Peptide science pioneer wins prestigious medal
|Professor David Craik with Perpetual General Manager of Philanthropy Andrew Thomas|
23 October 2014
Research seeking better treatments for heart disease, cancer and chronic pain has led to a major award and a $50,000 grant for the University of Queensland’s Professor David Craik.
Professor Craik, of UQ’s Institute for Molecular Bioscience, has won the 2014 Ramaciotti Medal for Excellence in Biomedical Research for his discoveries in the field of circular proteins.
Circular proteins have been found in bacteria, plants and animals. Their exceptional stability means they can be ideal for use in drug treatments.
Professor Craik is internationally renowned for his discovery of circular proteins almost 20 years ago, and in particular for a family of plant proteins called cyclotides.
He has replicated these natural proteins for new drugs, diagnostic agents and neuroscience tools.
His lab is now making chemically re-engineered cyclotides with the potential to treat multiple sclerosis, cardiovascular disease, cancer and chronic pain.
The Perpetual Trustee Services group manages the Ramaciotti Foundations and was advised by a Scientific Advisory Committee led by the University of Sydney’s Professor Derek Hart.
“It was a unanimous decision by the committee to award Professor Craik the Ramaciotti Medal as his work is highly original and has direct translation into novel drug therapies,” Professor Hart said.
Professor Craik said he was honoured to receive the award.
“This award is the result of a team effort,” he said.
“It’s great for the team, which includes PhD students and postdoctoral researchers, to see their work recognised in the public domain.”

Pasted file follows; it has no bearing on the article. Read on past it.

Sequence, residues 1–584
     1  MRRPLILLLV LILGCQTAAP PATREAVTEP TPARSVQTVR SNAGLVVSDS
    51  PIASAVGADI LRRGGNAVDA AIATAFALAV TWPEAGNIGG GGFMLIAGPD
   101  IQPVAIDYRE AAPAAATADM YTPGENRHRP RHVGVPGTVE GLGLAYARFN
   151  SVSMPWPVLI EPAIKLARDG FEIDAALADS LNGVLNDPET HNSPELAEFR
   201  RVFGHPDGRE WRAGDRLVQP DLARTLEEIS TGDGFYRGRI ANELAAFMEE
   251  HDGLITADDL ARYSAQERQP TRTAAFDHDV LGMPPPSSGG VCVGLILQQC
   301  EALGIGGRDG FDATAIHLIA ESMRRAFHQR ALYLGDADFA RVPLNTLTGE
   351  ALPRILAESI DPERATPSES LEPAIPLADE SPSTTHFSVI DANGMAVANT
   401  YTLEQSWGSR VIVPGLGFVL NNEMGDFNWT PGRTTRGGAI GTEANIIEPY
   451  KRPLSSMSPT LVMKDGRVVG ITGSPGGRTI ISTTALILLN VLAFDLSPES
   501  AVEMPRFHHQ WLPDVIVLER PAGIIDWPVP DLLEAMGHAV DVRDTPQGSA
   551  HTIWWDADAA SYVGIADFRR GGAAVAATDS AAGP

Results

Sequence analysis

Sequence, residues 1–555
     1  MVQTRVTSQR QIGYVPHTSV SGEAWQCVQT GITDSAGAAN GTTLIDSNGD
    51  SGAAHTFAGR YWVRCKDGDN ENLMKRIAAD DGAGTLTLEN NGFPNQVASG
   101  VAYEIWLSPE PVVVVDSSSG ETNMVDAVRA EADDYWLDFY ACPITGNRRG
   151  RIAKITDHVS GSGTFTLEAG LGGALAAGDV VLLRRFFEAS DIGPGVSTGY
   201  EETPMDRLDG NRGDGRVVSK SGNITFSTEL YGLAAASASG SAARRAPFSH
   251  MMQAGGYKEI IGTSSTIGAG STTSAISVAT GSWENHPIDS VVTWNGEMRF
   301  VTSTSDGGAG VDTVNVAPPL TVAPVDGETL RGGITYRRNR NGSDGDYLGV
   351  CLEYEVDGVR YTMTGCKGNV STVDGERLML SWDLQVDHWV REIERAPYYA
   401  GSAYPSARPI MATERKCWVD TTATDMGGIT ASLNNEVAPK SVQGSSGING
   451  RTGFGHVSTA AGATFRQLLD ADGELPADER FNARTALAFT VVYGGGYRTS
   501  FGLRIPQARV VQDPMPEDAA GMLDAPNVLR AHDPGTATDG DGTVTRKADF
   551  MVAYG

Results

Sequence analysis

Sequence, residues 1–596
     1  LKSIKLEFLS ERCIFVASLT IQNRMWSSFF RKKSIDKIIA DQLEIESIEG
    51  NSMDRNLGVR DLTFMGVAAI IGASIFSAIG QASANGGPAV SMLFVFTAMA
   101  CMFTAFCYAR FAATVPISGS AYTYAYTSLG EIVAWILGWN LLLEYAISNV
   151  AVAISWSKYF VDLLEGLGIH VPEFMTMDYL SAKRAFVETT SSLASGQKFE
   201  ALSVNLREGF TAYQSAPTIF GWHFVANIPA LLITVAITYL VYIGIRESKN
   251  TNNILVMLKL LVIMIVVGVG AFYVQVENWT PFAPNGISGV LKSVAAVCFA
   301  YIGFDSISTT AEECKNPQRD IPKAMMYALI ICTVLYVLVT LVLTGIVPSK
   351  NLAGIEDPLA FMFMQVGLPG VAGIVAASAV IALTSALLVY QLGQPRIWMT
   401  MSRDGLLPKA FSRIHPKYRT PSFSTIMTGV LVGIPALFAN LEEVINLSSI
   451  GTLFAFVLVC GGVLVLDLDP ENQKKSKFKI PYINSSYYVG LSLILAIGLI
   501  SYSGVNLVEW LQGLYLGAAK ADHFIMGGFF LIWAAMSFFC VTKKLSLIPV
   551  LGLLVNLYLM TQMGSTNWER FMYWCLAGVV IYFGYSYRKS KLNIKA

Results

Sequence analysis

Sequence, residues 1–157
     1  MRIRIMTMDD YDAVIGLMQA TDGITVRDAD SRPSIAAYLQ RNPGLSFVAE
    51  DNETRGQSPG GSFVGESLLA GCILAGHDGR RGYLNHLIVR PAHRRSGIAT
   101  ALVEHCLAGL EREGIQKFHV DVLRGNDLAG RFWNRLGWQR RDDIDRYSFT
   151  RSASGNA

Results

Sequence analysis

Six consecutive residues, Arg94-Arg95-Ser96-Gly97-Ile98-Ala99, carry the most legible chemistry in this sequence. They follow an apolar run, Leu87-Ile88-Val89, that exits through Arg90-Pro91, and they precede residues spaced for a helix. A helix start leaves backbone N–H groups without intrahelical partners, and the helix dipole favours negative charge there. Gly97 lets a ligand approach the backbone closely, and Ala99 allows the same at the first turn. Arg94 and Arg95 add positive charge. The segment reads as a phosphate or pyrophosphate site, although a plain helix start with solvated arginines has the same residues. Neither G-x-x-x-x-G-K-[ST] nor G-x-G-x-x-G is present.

The new classes of protein-based drug leads and agricultural pest control agents designed by Professor Craik have great potential to improve human health and benefit society.
Professor Craik this month received two project grants totalling $2.8 million from the National Health and Medical Research Council to continue to develop circular protein-based drugs for a range of diseases, including cancer.
Visit imb.uq.edu.au/donate to support Professor Craik’s vital research.
Media: IMB Communications Manager Gemma Ward, +61 7 3346 2134 or 0439 651 107.
About the Ramaciotti Foundations
Managed by Perpetual, the Ramaciotti Foundations have donated almost $55 million to biomedical research since 1970, and are one of the largest contributors to the field. Each year the Ramaciotti Foundations make significant distributions via the Ramaciotti Awards, providing funding support to areas such as molecular biology, genetics and immunology, and assisting young investigators taking up new challenges in biomedical research. In 2014 Ramaciotti, the Ramaciotti Foundations granted over $1 million to biomedical research in Australia.